The petition, at https://www.surveymonkey.com/s/CromwellMuseum, takes just moments to complete.  It simply requires you to input your name, email address and postcode.  We have asked for your postcode so we can demonstrate that people both in Cambridgeshire and around the country oppose the Museum’s closure. Please do spare the time to add your name.

The Friends are in the process of setting up a second petition, on the Cambridgeshire County Council e-petition site.  We are unsure when this will be launched – the matter is now beyond our control – but we hope it will be soon.  Once live, this petition will be open to Cambridgeshire residents only.  If it should reach 3,000 signatures, there is an opportunity for the issue to be debated at a meeting of full Council.  We will let you know as soon as this petition is open.

Thank you for your ongoing support.

Council committee listens to the Friends of the Museum

The Friends of the Cromwell Museum took the opportunity yesterday, Thursday 19th December, to make the case for the Museum to the Safer and Stronger Communities Overview and Scrutiny Panel of the County Council.

In the three minutes allowed the significance of the Museum was stressed and a proposal made that a working party of the Council be set up to examine all options for alternative funding. Assurances were sought that funding from the County Council should continue until an alternative solution is firmly in place.

There was verbal support for the Museum, and agreement to the working party, but no discussion of the key issue of whether funding should remain in place.

Waking up to Cromwell

Listeners to BBC Cambridgeshire’s breakfast show this morning heard an impassioned plea from the vice-chairman of Huntingdon and Godmanchester Civic Society, Richard Meredith, that the Museum should be maintained.

Mr Meredith pointed out the significance both of Oliver Cromwell himself and the Museum to Huntingdon. 

Thank you for the support  – it really is vital that as many people as possible help to get the message across. Please visit the ‘What you can do’ page to see how you can get involved.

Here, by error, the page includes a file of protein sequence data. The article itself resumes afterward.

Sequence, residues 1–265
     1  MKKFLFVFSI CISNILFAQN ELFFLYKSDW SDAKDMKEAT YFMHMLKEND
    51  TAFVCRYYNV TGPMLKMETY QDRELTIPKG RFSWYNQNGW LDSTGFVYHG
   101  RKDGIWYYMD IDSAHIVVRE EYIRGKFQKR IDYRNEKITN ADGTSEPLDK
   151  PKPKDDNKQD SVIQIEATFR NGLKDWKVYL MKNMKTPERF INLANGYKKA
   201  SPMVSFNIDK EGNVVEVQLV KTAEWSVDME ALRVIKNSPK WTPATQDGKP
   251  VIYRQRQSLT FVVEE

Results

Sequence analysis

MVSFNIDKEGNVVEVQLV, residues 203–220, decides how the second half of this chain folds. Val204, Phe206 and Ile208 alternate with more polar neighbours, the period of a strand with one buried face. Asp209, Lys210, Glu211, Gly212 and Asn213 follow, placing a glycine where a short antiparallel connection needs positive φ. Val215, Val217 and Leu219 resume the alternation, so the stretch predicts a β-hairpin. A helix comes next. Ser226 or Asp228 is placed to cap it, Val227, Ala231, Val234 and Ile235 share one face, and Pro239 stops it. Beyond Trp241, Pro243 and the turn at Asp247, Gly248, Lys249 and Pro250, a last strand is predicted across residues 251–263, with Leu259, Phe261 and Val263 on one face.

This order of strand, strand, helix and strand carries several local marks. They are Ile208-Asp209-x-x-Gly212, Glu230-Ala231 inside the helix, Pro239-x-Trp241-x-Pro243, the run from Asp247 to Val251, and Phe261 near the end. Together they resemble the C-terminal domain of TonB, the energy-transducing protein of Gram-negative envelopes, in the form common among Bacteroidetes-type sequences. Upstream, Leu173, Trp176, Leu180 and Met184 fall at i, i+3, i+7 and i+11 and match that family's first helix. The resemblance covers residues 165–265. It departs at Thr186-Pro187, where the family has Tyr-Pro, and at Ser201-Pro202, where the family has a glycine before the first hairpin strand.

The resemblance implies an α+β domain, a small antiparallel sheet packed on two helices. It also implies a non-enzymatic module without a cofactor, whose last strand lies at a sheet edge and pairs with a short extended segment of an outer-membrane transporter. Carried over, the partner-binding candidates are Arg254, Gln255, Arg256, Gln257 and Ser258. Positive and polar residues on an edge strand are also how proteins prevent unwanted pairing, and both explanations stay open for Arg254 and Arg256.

Save the Cromwell Museum!

The Cromwell Museum in Huntingdon is under threat of closure. The Museum, which was set up in 1962, is earmarked for closure from the end of 2014. The Friends of the Cromwell Museum are determined to prevent this if at all possible. Please support the campaign.

The Museum is run and funded by Cambridgeshire County Council, which like all local authorities, has to make significant budget reductions. The County’s Business Plan for 2014-19 contains a reference to the planned closure of the Museum from 2015-16 to achieve a saving of £20,000. The County Council’s case for the complete withdrawal of support is based on the need to make savings and the fact that the provision of the Museum is not a statutory requirement.

The Friends of the Museum are opposed to the closure on the grounds that it would be a significant loss, locally, regionally and nationally, and that the level of savings proposed is miniscule compared to the authority’s budget as a whole. The County does many things which are equally non-statutory, from the provision of ‘real-time’ bus information on bus stops, to a Mediatheque at Cambridge Central Library. Many other local authorities provide museum services to a far greater extent than Cambridgeshire because they recognise their cultural and economic value. The Friends believe that the Cromwell Museum contributes to the County Council’s wider objectives, and should continue to receive support.

The budget proposals also refer to the option of transferring the Museum to another operator. The Friends support an initiative to investigate this option further, but are not optimistic that an alternative will be found. The Friends urge the County Council to guarantee support for the Museum, at no less than the current level, for five years, unless and until, another viable means of operating the Museum is in place.

If the Museum is to be saved for the future it is critical that concerns are raised now. Join the campaign to save the Cromwell Museum.